This week we’re going to talk about important dimensions in bathroom design. When it comes to dimensions, one of my pet peeves is hanging a light fixture over a bathtub. Magazines are full of photos of beautiful bathrooms with crystal chandeliers sparkling over bathtubs. Most of them aren’t even close to meeting code. While codes can vary by locale, the basic rule is that any cord-connected light fixture has to be placed three feet horizontally and eight feet vertically from the top of the bathtub. That would require a ceiling height of somewhere around 12 feet high…not too many bathrooms have a ceiling height like that.
All this puts the light fixture well away from the tub and it makes perfect sense when you think how dangerous mixing water and electricity can be. Even a splash of water hitting a hot light bulb could cause it to explode let alone the thought of a a wet human body coming in contact with an electrical device. It gives me the shivers just to think about it.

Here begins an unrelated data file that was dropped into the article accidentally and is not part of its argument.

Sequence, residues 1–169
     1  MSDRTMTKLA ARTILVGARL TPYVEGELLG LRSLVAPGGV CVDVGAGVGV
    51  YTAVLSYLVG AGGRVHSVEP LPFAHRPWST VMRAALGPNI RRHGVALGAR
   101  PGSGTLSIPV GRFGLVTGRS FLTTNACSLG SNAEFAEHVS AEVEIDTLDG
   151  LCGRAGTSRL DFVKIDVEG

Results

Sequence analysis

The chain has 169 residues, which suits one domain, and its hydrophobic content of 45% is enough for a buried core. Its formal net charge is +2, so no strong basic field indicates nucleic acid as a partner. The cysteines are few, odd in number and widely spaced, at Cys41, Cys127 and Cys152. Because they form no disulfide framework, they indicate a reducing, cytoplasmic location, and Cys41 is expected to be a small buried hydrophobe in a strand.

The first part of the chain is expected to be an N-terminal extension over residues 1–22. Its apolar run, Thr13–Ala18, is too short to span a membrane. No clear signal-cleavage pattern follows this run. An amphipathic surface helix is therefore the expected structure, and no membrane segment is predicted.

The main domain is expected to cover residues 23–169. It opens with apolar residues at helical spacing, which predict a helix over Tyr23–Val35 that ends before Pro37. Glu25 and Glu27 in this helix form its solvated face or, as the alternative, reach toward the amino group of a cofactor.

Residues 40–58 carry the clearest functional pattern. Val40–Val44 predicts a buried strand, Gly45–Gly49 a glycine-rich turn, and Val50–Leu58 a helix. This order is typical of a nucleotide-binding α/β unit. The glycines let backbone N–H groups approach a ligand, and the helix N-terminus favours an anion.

This is a good point to mention the difference between the minimums that various codes require….say the space for a toilet and the more generous (and therefore more comfortable) dimensions that I will talk about here. Codes must be met, but allowing more space in certain areas is often advisable.
Bathrooms for wheelchair users require a whole separate set of dimensions. Once building codes are met they may have to be personalized to the user. A 60” clear radius is needed to turn a wheel chair around. That’s pretty standard but the area around a toilet must accommodate the user and how much room they need to transfer from the chair to the toilet.
While bathroom doorways are often narrow, the current thought is to make them wider to accommodate future wheelchair use. This is often not possible when remodeling an older home but it is something that should be taken into consideration.
I hope this information has been helpful. If you missed the blog on important dimensions in kitchen design, click here.